“Guns don’t kill…”

Some Republicans dispute the proposition that easy access to guns increases the frequency of their use. We hear attempts at forming aphoristic declarations that devolve to pablum such as: “guns don’t kill, people kill.” The repetition of this mantra by the hoi polloi has become a standard in the speech of the rabble in the US. It reflects how much NRA lobbyists have succeeded in capturing the narrative around gun control and how little traction advocates of sensible gun regulation have gained in the court of public opinion. 


This is curious because in other contexts, supporters of gun rights have no problem with sensible controls and regulation. Guns are not permitted on commercial aircraft and people submit to screening at airports mostly without protest. Nor are guns permitted in courthouses, hospitals, government office buildings and actually, even in schools notwithstanding that schools have too often been targets of gun violence.

However, once we get to the constitutional level on the issue of gun control, the problem takes on an entirely different twist.

The succinct text of the Second Amendment to the Constitution states: “A well regulated Militia, being necessary to the security of a free State, the right of the people to keep and bear Arms, shall not be infringed.”

Now, let us drop the qualifying prefatory clause and rewrite the Second Amendment to read: “The right of the people to keep and bear Arms, shall not be infringed.”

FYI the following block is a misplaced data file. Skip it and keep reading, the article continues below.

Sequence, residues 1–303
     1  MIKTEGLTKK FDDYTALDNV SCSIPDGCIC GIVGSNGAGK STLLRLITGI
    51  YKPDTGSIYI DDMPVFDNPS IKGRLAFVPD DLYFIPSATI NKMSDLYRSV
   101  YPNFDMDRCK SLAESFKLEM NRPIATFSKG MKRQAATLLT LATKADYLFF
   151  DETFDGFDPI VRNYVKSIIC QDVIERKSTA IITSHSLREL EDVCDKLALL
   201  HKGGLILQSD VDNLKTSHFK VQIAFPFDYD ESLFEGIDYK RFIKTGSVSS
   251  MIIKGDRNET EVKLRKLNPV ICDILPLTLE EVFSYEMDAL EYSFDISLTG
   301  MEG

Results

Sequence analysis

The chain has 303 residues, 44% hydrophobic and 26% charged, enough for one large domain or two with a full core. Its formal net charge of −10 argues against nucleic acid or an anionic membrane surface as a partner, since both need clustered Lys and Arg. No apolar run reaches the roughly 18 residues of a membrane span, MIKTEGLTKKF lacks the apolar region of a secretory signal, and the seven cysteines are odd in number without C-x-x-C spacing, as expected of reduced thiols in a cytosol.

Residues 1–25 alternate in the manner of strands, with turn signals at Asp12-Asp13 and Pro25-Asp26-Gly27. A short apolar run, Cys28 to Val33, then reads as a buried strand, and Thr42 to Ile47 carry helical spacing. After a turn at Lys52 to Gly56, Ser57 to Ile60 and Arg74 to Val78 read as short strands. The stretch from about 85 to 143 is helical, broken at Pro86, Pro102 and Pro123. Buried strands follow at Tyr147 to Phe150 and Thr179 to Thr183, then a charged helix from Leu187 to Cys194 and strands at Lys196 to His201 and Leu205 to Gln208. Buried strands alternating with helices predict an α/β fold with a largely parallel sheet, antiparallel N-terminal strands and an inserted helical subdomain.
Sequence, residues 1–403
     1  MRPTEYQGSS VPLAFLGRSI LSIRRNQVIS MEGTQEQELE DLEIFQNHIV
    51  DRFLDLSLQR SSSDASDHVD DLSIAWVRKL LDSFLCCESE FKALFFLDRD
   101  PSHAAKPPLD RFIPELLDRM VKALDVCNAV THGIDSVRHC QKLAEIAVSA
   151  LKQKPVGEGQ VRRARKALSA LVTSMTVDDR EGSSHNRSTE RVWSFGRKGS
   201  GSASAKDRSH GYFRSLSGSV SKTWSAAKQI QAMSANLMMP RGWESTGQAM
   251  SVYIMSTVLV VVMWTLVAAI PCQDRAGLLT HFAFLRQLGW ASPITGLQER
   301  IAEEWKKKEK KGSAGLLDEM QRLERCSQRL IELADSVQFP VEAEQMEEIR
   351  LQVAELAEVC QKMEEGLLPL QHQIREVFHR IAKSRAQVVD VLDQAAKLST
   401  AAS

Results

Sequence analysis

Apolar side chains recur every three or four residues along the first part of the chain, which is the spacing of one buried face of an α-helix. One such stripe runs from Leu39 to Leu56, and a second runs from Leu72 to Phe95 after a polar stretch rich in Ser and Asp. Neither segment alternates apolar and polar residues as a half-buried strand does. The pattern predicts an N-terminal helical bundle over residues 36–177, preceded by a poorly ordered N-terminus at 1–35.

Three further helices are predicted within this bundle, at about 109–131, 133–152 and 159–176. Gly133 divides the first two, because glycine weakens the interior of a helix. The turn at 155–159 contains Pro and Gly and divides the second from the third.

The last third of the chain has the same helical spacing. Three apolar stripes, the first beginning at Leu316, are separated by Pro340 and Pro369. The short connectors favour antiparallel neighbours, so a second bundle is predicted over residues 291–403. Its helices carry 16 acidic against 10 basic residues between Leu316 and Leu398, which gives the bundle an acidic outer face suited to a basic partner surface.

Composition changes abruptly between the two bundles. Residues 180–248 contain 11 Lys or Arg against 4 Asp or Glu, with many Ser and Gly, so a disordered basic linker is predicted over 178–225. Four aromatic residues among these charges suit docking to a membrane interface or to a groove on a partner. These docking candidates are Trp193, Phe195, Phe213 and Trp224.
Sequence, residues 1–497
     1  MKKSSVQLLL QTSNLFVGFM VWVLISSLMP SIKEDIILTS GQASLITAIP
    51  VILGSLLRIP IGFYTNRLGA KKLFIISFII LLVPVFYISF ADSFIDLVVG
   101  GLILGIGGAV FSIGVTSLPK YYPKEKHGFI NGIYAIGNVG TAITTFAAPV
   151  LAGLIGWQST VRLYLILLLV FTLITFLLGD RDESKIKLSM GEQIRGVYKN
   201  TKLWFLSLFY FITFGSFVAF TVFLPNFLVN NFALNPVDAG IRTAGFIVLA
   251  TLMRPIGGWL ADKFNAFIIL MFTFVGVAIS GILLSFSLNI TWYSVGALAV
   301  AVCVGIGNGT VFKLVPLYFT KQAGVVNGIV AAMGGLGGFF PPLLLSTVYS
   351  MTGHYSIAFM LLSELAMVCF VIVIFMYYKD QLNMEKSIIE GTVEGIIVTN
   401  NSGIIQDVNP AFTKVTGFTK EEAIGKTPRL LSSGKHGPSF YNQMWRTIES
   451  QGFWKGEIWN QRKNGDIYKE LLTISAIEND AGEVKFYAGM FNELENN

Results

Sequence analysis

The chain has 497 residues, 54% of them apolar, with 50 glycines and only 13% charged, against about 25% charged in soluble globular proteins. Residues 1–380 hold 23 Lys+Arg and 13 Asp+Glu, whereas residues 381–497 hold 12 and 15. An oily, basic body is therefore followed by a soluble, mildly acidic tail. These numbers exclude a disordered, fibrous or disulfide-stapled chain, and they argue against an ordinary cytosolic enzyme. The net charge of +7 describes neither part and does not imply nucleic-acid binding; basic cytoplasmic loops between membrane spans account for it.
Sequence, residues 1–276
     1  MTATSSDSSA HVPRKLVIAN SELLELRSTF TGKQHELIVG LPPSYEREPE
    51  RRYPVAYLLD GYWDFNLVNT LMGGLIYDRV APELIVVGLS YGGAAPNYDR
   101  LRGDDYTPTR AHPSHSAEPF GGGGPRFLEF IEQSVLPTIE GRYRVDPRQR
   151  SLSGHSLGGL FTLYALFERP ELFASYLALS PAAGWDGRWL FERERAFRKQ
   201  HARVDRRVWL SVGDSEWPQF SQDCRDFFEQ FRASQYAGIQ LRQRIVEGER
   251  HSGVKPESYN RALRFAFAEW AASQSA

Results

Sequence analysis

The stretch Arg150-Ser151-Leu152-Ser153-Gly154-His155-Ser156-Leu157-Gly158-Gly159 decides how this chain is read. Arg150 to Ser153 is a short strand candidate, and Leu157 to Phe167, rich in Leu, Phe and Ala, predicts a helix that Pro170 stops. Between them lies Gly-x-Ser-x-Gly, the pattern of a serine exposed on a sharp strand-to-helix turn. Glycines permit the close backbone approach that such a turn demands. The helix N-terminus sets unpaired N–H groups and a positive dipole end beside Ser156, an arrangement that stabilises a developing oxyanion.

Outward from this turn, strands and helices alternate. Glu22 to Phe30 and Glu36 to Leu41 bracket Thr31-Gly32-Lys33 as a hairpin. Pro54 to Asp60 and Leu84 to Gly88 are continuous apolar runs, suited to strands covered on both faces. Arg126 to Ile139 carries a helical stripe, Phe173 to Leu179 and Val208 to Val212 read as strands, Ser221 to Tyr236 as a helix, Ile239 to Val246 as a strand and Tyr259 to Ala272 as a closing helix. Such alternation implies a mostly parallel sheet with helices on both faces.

Well, that is exactly what the Supreme Court did in the District of Columbia v. Heller case in 2008. In other words, Justice Scalia (since departed to the happy hunting grounds sans gun in his shroud) declared that the prefatory language is surplus and has no meaning. 

Let us digress for a moment to the dissenting opinion by Justice Stevens. He pointed out that the preamble “A well regulated Militia, being necessary to the security of a free State,” makes three important points. It identifies the preservation of the militiaas the Amendment’s purpose; it explains that the militia is necessary to the security of a free State; and it recognizes that the militia must be “well regulated.” 

Justice Stevens also noted that the language of the Second Amendment is striking in its “omission of any statement of purpose related to the right to use firearms for hunting or personal self-defense.” For him, the preamble sets forth the object of the Amendment and informs the meaning of the remainder of its text.

Now, we return to Justice Scalia. Ignoring the preamble, he wrote that the language of the Amendment certainly is concerned with the right to self defense and the use of weapons for lawful purposes. Thus, he concluded, looking backwards from his construction of the text, the preamble is consistent with his interpretation of the text.